Sunday, October 31, 2010

The activist Constitution

Yesterday, the lovely Diane and I watched Hubert H. Humphrey, The Art of the Possible, a terrific documentary on one of the most underrated figures of Twentieth-Century American politics. The close of the program is Humphrey explaining the inspiration he found in the Preamble to the Constitution. The opening words of the Preamble, "We the People," embodied for Humphrey the essence of American democracy: that all power and all sovereignty derive from the citizenry. That's a truth that's all to easy to overlook--a lesson for political leaders and would-be leaders of both Left and Right.

But what really affected me was the way that Humphrey proceeded to explain how the Preamble formed the basis of his view of the Constitution and, indeed, of the role of the federal government.

The Preamble reads:

WE THE PEOPLE of the United States, in Order to form a more perfect Union, establish Justice, insure domestic Tranquility, provide for the common defence, promote the general Welfare, and secure the Blessings of Liberty to ourselves and our Posterity, do ordain and establish this Constitution for the United States of America.

As Humphrey noted, each of the verbs is active: to "establish" Justice; justice does not spring up on its own. "Insure" domestic tranquility: we must act to assure a civil society. "Provide" for the common defense: we must make the efforts necessary to defend the nation. "Promote" the general welfare; it does not come automatically. "Secure" the blessings of liberty: we cannot simply expect that freedom will flower, we must work to make liberty real.

As the Preamble sets the tone for the Constitution that is the foundation of the United States government, Hubert Humphrey argued that it should set the tone for our politics as well. In doing so, he also refuted those who would take a cramped and narrow view of government's role.

(Your editor worked very, very hard as a volunteer for Humphrey's 1968 presidential campaign. Hubert Humphrey was a good and gentle man, but tough enough to come within a whisker of winning that year; indeed, had the Left turned out, he would have been President. I recall how I walked around in a near-stupor for days after the election, unable to believe that the American people had chosen moral midgets like Richard Nixon and Spiro Agnew over men with the stature of Hubert Humphrey and his running mate, Edmund Muskie.)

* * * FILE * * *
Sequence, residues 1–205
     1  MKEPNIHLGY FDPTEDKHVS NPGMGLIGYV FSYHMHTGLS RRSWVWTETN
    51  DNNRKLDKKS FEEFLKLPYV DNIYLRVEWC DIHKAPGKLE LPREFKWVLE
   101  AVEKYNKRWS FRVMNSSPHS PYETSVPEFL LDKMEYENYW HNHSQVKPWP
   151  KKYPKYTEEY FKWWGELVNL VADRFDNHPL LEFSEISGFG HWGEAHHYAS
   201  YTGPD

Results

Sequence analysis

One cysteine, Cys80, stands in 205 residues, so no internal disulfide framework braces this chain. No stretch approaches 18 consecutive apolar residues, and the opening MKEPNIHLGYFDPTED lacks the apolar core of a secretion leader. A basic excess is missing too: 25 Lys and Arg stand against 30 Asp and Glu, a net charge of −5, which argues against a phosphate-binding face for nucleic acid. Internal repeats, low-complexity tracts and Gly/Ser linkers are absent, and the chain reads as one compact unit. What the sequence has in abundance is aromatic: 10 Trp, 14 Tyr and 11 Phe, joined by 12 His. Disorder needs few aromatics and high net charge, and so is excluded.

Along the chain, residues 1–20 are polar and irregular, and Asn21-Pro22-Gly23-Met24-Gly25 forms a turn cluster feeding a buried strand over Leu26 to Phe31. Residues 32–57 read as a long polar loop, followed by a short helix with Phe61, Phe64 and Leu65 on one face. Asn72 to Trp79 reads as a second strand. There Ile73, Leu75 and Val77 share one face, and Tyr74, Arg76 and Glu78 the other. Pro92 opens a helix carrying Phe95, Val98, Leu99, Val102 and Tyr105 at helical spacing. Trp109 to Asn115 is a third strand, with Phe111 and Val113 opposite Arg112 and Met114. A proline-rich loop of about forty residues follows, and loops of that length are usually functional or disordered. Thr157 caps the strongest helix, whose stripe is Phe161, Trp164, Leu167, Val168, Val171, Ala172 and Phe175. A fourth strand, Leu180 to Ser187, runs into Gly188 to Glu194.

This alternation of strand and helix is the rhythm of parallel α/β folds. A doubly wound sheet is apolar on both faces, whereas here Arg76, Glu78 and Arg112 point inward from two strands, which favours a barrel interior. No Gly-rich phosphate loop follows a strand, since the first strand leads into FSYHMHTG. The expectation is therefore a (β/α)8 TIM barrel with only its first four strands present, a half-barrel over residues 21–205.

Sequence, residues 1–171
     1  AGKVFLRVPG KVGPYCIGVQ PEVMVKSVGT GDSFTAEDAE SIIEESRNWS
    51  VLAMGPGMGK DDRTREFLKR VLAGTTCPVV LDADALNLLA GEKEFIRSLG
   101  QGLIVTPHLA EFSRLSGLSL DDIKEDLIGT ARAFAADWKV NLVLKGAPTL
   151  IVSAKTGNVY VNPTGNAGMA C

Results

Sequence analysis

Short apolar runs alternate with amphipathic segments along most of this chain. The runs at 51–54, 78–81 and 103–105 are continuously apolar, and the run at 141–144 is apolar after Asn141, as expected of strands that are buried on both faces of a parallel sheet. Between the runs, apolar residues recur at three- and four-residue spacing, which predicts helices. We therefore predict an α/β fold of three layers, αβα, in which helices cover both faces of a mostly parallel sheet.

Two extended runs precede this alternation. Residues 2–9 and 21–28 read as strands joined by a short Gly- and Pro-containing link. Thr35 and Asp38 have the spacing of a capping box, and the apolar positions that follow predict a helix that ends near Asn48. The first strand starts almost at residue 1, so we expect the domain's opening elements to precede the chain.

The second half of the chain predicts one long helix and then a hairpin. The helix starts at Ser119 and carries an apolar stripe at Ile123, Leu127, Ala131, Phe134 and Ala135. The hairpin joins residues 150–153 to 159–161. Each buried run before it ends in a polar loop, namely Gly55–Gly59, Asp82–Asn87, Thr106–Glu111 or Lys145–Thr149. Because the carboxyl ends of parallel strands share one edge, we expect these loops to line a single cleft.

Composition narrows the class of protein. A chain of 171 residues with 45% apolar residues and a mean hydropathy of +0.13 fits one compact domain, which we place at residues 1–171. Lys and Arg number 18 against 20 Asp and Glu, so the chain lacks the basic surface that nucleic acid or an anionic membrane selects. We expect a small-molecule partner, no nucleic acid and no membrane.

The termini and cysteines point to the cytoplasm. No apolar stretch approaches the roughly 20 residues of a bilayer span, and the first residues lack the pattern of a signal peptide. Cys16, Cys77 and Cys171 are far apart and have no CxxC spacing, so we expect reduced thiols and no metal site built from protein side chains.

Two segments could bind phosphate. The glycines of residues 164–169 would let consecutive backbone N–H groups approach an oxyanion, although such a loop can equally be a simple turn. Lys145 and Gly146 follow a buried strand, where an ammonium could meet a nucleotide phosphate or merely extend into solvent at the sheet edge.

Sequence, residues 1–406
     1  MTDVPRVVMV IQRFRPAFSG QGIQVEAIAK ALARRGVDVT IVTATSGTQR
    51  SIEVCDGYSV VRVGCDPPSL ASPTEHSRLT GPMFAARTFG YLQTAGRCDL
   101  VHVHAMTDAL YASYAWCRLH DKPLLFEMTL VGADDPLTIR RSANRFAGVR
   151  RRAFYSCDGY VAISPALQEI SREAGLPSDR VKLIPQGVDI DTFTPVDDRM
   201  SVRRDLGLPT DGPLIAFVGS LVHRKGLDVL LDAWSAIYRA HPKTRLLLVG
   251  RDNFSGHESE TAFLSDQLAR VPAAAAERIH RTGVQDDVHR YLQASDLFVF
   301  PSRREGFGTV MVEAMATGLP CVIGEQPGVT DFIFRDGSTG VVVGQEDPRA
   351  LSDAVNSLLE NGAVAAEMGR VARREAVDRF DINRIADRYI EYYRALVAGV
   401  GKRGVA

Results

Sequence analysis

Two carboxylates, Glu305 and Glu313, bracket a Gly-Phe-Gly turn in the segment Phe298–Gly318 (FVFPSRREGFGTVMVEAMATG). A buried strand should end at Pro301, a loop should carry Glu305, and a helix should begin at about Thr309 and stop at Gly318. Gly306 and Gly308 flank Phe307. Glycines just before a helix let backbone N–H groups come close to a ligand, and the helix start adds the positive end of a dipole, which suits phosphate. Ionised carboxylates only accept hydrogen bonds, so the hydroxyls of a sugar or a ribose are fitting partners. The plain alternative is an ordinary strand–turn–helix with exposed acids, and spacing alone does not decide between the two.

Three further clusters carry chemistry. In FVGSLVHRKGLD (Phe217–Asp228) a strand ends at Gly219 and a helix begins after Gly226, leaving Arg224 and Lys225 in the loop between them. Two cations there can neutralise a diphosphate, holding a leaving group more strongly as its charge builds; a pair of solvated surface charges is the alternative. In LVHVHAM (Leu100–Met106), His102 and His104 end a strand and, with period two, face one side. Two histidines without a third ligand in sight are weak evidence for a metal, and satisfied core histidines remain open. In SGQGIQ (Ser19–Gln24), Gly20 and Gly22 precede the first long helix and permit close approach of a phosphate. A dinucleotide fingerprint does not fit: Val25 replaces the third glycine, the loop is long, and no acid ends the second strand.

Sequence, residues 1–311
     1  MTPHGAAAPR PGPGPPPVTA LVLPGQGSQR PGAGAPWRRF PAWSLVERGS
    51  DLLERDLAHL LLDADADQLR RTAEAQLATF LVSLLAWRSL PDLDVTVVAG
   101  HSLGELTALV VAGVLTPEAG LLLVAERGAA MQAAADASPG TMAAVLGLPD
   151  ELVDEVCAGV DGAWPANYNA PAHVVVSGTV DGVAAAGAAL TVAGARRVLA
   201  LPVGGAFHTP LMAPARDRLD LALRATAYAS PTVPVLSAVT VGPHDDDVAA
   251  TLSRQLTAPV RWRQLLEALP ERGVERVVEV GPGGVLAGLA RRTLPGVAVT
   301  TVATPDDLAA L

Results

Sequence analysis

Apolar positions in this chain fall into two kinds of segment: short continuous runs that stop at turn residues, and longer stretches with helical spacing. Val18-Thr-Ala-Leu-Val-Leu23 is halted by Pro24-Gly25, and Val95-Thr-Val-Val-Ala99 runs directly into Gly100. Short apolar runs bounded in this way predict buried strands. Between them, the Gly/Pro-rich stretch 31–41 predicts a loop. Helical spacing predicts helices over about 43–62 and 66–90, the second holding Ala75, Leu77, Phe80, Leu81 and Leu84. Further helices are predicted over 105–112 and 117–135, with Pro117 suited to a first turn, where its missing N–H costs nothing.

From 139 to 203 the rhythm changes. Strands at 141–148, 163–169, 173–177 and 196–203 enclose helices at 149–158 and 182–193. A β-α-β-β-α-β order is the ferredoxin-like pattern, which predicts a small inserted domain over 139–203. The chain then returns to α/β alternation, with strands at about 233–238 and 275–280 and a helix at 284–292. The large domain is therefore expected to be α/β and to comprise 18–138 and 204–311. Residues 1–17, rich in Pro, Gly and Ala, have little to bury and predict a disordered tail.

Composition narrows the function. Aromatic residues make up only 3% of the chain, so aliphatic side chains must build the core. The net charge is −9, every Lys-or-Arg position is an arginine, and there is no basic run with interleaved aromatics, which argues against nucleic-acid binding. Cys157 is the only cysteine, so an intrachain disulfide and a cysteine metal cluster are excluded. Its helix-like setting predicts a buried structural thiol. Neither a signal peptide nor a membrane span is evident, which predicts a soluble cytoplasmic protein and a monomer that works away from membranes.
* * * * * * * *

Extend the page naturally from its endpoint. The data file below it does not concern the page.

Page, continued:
Leanderthal said...

I share your pain, and I know that you are a well educated, thoughtful person who deserves no lecture from anyone, let alone me, about life.

So, I venture here to mention some things which I am sure you already know, and espouse them with the expectation that you yourself might endorse them, while all the same you find yourself, along with many others, like myself, needing to object to what we expect to happen in our America in the coming days. Our objections are a reality and a part of history as the events which are certain to unfold, one way or another, in the coming days.

Who are,"We the people"? Who are,"The American people"?

How are they, we, the same and how are they, we, different?

Who actually composed the words of the Preamble as proxies for,speaking for, "We the people"?

Who other than the American people voted for the "moral midgets, Nixon and Agnew" and will vote this coming Tuesday?

Sometimes I fear that there is truth to the axiom, "casting pearls before the swine", but that is the reality of democracy, the worst form of government, except foe all the others.

Reality has it that we will not live to see the outcome of all the events of our lifetime which will be recorded as history; that, as Desiderata advises, "No doubt the Universe is unfolding as it should".

Does that fatalistic world view take us off the hook for doing our best to make this life a better place? I don't think so.

We are a part of this Universe, and without us, however small and seemingly insignificant we think we are when we wonder if our lives make any difference at all, the Universe actually doesn't exist without our presence and participation in it. Lest we rise to the temptation of finding this affirmation of our existence a heady thought, be sure to understand that all life forms and environments we perceive are just as much requisite existences as ourselves to the Universe we perceive.

Valuable Admonitions:

* Go placidly amid the noise and haste and remember what peace there may be in silence.

*Be still, and know that I am God.

The Old New Englander said...

You said it; actually, it was Churchill: Democracy is the worst form of government, except for all the others. No one ever said that voters always make the right choice; the popular choice is simply more accurate than any other means of choosing leaders